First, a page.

LatinaLista — One of the saddest impacts of illegal immigration has nothing to do with the United States, Mexico, the economies of either country, or even the adults Ã‚â€” it has to do with the children.
Among all the hardships the children must share with their parents, as they learn to navigate the U.S. system, there is one thing that most children have to do on their own.
Their parents can’t help them. It is something that robs these children of the kind of carefree childhood every child deserves Ã‚â€” translating their parents’ words, wishes and demands.
There’s nothing more heartbreaking than watching a child try to explain to a mother or father what the principal said, or what the doctor needs to know, or what the electric bill says.
We all understand, those of us who have either been in that place or witnessed it firsthand, that it’s a necessary chore to saddle these children with adult responsibilities so that the adults can comply with what is needed from them.
However, it’s unconscionable to continuously parade a 7-year-old child in front of throngs of people, cameras, reporters, on television talk shows and even on the White House lawn to speak out on behalf of illegal immigration.
Saul and his mother seek Church sanctuary
I’m talking about Saul Arellano whose mother Elvira has taken refuge in Adalberto United Methodist Church in the Chicago area.
Elvira is fighting her deportation back to Mexico because she doesn’t want to be separated from her son who is a U.S. citizen. Elvira knows the opportunities that her son can gain from growing up in the United States versus Mexico is reason enough to keep him here – the only problem is she wouldn’t be able to stay with him.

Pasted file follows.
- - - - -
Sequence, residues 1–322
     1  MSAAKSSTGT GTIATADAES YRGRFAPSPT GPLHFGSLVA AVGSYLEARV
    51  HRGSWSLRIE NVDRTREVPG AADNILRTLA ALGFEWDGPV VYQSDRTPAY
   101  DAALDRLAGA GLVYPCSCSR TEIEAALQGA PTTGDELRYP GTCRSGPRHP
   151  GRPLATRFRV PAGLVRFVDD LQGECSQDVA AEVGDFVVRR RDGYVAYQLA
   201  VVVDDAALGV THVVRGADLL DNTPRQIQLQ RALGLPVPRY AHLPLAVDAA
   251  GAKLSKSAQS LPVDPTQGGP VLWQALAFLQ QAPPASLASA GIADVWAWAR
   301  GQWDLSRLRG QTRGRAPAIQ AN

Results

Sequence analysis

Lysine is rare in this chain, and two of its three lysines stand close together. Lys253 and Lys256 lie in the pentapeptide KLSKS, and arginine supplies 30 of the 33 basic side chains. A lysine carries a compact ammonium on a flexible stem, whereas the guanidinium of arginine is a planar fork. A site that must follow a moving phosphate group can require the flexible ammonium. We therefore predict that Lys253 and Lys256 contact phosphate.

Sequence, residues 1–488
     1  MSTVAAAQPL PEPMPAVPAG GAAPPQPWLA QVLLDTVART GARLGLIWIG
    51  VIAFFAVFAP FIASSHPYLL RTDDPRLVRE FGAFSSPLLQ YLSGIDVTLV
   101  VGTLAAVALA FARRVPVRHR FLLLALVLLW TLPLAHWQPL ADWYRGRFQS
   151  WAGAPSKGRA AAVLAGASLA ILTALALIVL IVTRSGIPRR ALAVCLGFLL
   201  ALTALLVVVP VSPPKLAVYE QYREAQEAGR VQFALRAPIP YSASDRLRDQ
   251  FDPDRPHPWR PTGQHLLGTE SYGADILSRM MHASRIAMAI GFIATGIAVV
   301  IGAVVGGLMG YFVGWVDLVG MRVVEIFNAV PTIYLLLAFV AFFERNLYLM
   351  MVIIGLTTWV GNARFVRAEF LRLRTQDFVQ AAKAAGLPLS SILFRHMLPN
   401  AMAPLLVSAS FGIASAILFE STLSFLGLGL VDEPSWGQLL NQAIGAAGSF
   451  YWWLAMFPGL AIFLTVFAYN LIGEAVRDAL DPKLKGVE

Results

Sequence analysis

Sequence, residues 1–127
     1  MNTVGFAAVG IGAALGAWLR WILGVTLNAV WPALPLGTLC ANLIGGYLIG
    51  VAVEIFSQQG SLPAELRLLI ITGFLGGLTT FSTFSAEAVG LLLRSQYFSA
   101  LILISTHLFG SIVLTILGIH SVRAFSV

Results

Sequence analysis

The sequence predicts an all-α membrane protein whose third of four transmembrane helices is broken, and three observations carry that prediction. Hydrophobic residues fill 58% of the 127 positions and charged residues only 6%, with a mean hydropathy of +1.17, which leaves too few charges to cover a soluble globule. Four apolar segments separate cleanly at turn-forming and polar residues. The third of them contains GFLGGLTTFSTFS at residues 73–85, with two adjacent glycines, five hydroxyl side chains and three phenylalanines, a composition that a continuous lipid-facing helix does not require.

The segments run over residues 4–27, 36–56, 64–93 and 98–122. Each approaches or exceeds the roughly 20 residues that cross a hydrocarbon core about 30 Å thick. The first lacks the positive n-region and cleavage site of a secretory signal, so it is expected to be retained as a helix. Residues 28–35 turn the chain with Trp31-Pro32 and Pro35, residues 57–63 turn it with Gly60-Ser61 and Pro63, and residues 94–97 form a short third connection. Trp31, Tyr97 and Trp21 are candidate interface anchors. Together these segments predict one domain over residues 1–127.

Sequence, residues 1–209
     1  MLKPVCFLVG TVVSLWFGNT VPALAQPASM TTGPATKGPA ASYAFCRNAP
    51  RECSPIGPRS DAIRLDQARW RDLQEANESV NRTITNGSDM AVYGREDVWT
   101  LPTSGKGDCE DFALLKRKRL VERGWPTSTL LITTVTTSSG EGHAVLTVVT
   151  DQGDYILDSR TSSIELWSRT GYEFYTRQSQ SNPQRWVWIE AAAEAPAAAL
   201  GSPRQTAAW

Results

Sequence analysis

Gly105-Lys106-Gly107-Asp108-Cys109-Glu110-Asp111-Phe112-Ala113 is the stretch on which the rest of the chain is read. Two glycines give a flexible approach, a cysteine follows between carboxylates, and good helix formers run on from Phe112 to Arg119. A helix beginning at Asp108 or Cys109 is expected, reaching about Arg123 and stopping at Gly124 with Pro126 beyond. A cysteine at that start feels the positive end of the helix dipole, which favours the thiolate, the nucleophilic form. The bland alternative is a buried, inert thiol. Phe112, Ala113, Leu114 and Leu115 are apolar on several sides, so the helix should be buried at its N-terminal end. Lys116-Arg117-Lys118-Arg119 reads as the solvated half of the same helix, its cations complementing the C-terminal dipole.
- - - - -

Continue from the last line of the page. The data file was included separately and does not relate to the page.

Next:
That prospect alone would break the corazon of any mother, but to make Saul the frontman for his mother’s plight, and others who are in the same boat, is not just robbing Saul of his childhood but is grossly unfair to him and making him a viejito before his time.
From that first camera that fixed its lens on Saul as he lay sleeping in a church pew and that first microphone shoved under his mouth as he labored to express, either by script or spontaneously, why his mother should not be deported, it was clear he felt the weight of an entire movement on his young shoulders.
Strategists may think it’s okay to play the sympathy card to win their point, but has anybody thought about Saul?
As any child who fears losing a parent, Saul is probably more than willing to do what is so obviously unnatural to him if it will help his mother.
Yet, what happens if this tactic of parading Saul out there in public to change people’s minds doesn’t work?
Does anybody not understand that this boy, who is only 7-years-old and is at the stage of his life where he’s learning people must take responsibility for their actions, will feel like he failed his mother, and himself if his mother is taken away in handcuffs?
The soul-wrenching guilt that will be saddled on this young boy will last a lifetime.
No amount of air time granted children who are coached to speak out for undocumented immigrants justifies their presence in this debate that is getting increasingly violent and mean-spirited.
This fight impacts children, but it’s between the adults.
Isnt’ it time we learned to speak for ourselves?